Thanks to all the commenters who responded to my too-vague request in the last post. Let me now be clearer and, I hope, more concise.
This image …
… shows an idea for the design of a civic square intended to be the "living room" of a suburban city east of Vancouver. It does not exist on the ground, so I'm looking for examples that do. The core of the idea is that:
- The square is successful as a civic heart. It's a place people would naturally go to not just to catch transit but also (a) to eat a lunch that they've brought, (b) to meet friends or people-watch, (c) to rally for a political cause, (d) to watch a local sporting team on an enormous screen (e) to attend any of a range of festival events programmed for the space and (f) to feel, as one feels in great squares, that you're in the very centre of the community, a place that is credible as a symbol of the whole community. I'll settle for most rather than all of those things, but the point is to define a certain kind of civic importance. Note that the flexibility of the space to serve many purposes is part of what makes it effective as a symbolic centre. It is, as they say of Portland's square, the community's "living room." It may have some green landscaping but it is mostly hardscaped in the anticipation of handling large volumes of people.
- To me, this means that the place is big, let's say at least 50m in its narrower dimension. (Smaller plaza spaces around rail stations are routine in Europe, but this thing needs to be big enough to do the symbolic and practical work outlined above.)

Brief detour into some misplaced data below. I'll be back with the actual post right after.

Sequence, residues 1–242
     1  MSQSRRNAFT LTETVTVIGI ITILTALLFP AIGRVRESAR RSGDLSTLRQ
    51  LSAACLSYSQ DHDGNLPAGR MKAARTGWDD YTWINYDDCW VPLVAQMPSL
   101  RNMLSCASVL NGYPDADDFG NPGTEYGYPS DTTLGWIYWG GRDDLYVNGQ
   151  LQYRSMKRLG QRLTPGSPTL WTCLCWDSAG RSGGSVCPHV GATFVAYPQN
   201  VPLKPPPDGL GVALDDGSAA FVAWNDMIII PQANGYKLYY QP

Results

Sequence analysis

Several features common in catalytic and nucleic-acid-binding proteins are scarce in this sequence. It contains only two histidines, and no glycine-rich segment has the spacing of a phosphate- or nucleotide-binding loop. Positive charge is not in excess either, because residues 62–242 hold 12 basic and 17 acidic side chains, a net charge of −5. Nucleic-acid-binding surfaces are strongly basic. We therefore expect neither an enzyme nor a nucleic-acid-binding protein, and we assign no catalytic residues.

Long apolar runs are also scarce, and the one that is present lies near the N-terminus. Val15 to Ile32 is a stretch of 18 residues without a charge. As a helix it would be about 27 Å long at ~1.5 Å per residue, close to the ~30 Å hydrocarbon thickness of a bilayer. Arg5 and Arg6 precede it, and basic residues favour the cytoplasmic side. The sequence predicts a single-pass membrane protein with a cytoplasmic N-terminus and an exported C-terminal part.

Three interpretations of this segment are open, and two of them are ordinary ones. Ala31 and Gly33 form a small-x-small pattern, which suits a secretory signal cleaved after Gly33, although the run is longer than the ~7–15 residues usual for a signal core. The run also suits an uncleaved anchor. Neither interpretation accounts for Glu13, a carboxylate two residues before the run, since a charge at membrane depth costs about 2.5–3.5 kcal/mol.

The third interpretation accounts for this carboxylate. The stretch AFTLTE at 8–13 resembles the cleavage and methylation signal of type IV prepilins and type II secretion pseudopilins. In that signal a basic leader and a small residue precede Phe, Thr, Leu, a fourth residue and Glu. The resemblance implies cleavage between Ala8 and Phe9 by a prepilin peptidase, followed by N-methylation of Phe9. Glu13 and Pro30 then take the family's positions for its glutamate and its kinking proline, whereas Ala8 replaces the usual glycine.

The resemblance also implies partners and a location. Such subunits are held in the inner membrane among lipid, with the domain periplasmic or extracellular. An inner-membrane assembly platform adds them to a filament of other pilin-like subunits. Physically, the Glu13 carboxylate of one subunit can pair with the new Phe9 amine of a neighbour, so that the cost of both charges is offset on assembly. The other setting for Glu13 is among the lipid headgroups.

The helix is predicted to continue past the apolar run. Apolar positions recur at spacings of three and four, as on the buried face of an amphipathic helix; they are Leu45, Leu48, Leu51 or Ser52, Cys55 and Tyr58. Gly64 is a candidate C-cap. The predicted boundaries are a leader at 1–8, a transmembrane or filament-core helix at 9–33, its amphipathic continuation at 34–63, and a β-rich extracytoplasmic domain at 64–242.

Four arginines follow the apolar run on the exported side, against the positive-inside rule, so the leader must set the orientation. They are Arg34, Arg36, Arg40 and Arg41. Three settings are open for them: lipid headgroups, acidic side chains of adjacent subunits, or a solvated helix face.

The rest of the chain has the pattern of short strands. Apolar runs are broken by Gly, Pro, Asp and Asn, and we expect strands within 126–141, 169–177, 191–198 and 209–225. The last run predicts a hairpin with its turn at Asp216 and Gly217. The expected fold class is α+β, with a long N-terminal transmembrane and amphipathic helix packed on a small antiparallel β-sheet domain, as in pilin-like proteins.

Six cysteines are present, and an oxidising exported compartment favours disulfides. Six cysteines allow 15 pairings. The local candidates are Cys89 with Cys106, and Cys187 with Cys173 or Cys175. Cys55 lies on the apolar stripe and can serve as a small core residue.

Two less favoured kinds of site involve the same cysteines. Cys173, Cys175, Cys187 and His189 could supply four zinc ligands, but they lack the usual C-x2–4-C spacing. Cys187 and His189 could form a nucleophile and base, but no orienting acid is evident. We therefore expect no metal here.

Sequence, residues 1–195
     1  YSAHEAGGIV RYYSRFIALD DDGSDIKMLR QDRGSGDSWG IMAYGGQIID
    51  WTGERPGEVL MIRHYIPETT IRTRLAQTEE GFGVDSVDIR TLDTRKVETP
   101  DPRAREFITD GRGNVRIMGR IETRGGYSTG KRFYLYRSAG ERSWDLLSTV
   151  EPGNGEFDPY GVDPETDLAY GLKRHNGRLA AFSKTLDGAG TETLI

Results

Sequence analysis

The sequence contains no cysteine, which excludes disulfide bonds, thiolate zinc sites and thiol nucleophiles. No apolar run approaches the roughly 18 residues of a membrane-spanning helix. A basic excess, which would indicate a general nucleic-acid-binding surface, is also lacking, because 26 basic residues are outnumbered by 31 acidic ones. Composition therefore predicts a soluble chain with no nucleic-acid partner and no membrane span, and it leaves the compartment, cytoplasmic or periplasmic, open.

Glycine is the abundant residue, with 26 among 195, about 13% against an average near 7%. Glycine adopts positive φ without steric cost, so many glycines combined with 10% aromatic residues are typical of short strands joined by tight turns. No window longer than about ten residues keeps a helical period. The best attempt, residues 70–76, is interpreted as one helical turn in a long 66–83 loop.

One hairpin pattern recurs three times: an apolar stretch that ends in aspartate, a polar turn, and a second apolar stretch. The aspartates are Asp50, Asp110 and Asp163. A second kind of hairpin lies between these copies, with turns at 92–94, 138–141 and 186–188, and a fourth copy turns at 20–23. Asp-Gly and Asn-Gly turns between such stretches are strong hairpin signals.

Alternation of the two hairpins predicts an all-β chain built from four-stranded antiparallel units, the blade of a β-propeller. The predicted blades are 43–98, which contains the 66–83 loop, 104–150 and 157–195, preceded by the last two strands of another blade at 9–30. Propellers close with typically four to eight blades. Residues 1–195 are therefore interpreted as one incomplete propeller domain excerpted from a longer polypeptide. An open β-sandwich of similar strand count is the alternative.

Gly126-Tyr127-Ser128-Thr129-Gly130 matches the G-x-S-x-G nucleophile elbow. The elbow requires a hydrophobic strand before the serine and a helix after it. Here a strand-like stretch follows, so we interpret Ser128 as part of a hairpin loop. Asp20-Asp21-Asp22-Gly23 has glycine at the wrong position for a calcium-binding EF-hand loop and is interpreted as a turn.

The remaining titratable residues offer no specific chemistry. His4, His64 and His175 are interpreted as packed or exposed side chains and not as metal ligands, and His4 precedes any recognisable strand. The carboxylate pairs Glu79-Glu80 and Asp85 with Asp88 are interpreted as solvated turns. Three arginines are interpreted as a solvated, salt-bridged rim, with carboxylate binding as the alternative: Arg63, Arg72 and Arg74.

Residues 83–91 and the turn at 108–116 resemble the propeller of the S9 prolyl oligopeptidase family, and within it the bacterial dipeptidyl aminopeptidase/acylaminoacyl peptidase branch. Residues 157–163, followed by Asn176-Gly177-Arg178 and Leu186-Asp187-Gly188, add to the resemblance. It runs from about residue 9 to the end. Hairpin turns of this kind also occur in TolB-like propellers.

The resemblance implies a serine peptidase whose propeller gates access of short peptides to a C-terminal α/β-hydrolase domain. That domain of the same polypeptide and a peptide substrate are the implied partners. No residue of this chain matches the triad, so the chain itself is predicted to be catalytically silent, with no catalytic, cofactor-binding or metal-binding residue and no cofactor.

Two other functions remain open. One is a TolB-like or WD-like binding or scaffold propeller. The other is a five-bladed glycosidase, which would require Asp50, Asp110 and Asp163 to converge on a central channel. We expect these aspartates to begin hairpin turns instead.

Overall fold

- The square is also an important node in the transit network, where substantial volumes of people make connections, either between mulitple surface transit lines or between those lines and a rapid transit line. (In the last post I artlessly referred to the place as suburban. I now realize that what I really meant was: a place where the high volume connections happen on the surface, not inside subway stations as is the case in most big European examples. Such a place may well exist downtown in a North American city that lacks much of a subway network.)
- All, or at least most, of the surface transit stops are directly on the square. That is, when you step off the transit vehicle, you feel that you are in the square, not across the street or down the street from it.
- These high-volume connections require walking across the square, not just along one edge of it.
- Finally, let me rule out plazas at universities, where the community served is artificial and intentional. I'm after places that serve as the centres of towns or cities.
I'm asking because I want to discuss this possibility in my book, based on my experience in developing the idea sketched above. It has particular relevance as a way to organize local bus connections at a rapid transit station that is also a local CBD. If really successful examples exist, I want to praise them. If they don't, I'm interested in credible theories of why not. Is there something intrinsically wrong or unrealistic about this kind of design?
The closest I've seen so far are as follows. People who are familiar with these spaces are encouraged to chime in with views on whether they work on the above criteria, especially the perception of the space as a centre or "living room." The notation C? means "I'm not sure if this really functions as a civic heart or livingroom. T? means "I'm not sure if the transit connections are major, that is, I'm not sure if lots of people have reason to make connections here.)
- Copley Square, Boston. (C? T?)
- Mont Royal station, Montréal. (C? T?)
- Plaza on the north side of Gare Montparnasse, Paris. (C?)
- Pershing Square, Los Angeles (T?)
- Picadilly Gardens, Manchester, UK (C?) (not hardscaped)
- Place Bellecour, Lyon, France (T?) (very close!)
- JFK Plaza, Philadelphia (T?) (not clear where bus stops are)
- Alexanderplatz, Berlin, specifically the area southwest of the elevated station, between there and Spandauerstr. (C? T?) (Is this a major bus-rail connection path?)
Thanks for everyone who's commented so far!